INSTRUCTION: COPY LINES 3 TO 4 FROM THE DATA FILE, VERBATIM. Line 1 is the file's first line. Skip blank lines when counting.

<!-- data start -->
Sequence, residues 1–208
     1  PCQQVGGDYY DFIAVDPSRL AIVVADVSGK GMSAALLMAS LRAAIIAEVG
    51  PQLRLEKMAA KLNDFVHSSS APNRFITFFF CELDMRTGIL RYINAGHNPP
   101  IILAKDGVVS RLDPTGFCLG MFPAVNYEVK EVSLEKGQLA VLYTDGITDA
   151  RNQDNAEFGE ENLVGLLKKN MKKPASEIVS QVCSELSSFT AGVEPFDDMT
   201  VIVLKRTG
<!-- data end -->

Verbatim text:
    51  PQLRLEKMAA KLNDFVHSSS APNRFITFFF CELDMRTGIL RYINAGHNPP
   101  IILAKDGVVS RLDPTGFCLG MFPAVNYEVK EVSLEKGQLA VLYTDGITDA